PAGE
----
The brain microenvironment as a target of effective anti-metastasis strategies in mice and human

2020/01/23 Atrio 800

Seminar

The brain microenvironment as a target of effective anti-metastasis strategies in mice and human

Manuel Valiente, PhD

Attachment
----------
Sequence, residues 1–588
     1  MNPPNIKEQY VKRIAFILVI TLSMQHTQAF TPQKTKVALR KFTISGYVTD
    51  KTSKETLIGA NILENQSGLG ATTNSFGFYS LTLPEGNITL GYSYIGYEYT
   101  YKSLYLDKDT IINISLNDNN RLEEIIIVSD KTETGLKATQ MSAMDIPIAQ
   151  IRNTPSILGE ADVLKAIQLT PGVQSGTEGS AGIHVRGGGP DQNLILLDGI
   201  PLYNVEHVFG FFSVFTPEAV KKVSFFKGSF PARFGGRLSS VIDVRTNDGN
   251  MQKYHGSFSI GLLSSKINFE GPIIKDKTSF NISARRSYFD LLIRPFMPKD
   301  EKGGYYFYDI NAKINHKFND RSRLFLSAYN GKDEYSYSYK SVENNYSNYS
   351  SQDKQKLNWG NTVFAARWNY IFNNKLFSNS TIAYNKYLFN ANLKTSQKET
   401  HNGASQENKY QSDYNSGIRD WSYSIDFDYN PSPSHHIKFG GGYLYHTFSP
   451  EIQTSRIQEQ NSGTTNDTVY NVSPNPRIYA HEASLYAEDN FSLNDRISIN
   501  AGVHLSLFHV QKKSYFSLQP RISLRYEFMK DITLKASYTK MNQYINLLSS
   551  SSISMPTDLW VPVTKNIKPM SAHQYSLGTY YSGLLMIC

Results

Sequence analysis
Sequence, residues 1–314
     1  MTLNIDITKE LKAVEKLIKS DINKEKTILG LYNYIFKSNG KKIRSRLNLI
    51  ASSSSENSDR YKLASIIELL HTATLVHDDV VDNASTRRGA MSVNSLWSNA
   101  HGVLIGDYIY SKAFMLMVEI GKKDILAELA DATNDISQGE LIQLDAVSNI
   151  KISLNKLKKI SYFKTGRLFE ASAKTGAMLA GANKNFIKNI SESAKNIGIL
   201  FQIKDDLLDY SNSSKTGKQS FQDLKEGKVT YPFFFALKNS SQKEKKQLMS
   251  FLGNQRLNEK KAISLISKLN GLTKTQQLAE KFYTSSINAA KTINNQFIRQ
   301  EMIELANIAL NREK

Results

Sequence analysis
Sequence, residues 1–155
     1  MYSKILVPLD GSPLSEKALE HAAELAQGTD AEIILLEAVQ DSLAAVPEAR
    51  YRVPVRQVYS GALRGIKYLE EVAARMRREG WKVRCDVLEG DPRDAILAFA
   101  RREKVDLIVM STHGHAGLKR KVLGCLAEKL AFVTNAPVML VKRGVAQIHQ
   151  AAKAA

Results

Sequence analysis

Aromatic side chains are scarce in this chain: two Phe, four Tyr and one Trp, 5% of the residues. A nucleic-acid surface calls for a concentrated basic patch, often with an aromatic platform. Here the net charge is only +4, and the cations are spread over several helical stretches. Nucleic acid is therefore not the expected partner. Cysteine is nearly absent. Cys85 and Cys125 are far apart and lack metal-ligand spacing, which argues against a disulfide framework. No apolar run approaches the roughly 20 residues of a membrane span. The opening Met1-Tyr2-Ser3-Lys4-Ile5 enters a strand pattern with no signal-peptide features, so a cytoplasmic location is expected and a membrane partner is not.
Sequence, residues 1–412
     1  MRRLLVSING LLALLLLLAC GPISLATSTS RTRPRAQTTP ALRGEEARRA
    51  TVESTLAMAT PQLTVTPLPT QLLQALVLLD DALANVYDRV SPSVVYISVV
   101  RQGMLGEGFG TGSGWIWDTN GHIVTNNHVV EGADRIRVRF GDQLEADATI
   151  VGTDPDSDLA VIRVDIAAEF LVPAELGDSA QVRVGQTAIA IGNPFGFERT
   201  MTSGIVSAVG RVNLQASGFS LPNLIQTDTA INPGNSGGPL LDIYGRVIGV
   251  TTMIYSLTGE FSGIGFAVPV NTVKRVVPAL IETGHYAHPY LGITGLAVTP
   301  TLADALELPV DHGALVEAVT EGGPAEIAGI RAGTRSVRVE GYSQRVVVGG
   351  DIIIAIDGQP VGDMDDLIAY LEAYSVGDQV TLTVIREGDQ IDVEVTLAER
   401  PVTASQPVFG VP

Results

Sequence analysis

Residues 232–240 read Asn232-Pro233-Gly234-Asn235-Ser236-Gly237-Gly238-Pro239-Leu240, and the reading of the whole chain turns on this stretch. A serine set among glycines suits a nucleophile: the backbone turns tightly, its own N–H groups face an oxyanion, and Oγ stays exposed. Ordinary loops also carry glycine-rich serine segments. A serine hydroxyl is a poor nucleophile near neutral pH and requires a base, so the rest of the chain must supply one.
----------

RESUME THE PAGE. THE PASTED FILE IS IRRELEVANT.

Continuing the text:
The brain microenvironment as a target of effective anti-metastasis strategies in mice and human Existing evidences at the cellular, clinical and genomic levels suggest that brain metastases differ from their corresponding primary tumor. One reason that could underlie this divergent evolution might derive from the unique brain microenvironment. An initial anti-metastatic naïve brain environment, which eliminates the vast majority of recently extravasated cancer cells, is slowly reprogrammed into a strong pro-tumor niche. This switch from an anti-tumor to a pro-tumor brain microenvironment correlates with the emergence of altered molecular patterns affecting specific resident cell types. We recently identified the activation of STAT3 pathway in reactive astrocytes surrounding brain metastasis. Genetic strategies demonstrated that this reprogrammed component of the microenvironment, which is not present in a normal brain, is responsible for establishing a potent immunomodulatory program that sustains the growth of brain metastasis through a network that involves macrophages and T cells. The unprecedented effectiveness of a pharmacological strategy targeting this altered molecular pattern in mice and human affected by brain metastasis suggests that current systemic approaches could be significantly improved by incorporating drugs targeting the microenvironment. Relevant publications 1. Boire A*, Brastianos P*, Garzia L*, Valiente M*. Viewpoint: Brain Metastasis. Nat Rev Cancer. DOI: 10.1038/s41568-019-0220-y (*) Co-corresponding author. 2. Priego N, et al., Valiente M*. (2018) STAT3 labels a subpopulation of reactive astrocytes required for brain metastasis. Nature Medicine. 24(7):1024-1035. (*) Corresponding author. Comments on: Nat. Medicine, Trends Mol Med., Nat Rev Cancer, Nat Rev Neurol. 3. Er E, Valiente M*, Ganesh K* et al. Pericyte-Like Spreading by Disseminated Cancer Cells Activates YAP and MRTF for Metastatic Colonization. Nature Cell Biology. 20(8):966-9784. (*) Shared authorship. Comments on: Nat Cell Biol., F1000 Prime evaluation. 4. Valiente M*, et al., Soffietti R*. (2018). The evolving landscape of brain metastasis. Trends in Cancer. 4(3):176-196. (*) Co-corresponding author. Comments on: Review of the year by Trends in Cancer. 5. Chen Q*, Boire A*, Jin X, Valiente M, et al. (2016) Carcinoma-astrocyte gap junctions promote brain metastasis by cGAMP transfer. Nature. 533:493-498. (*) Shared authorship. This work generated a clinical trial (NCT02429570). Comments on: Cell Res., F1000 Prime evaluation, Nat Rev Cancer, Cancer Discov., Neurosurgery. 6. Valiente M, et al. (2014) Serpins promote cancer cell survival and vascular co-option in brain metastasis. Cell. 156:1002-1016. Comments on: Nature, EMBO J., Cancer Discov., Sci. Signal., Nat. Rev. Clin. Oncol., Nat. Cell Biol., N. Engl. J. Med.

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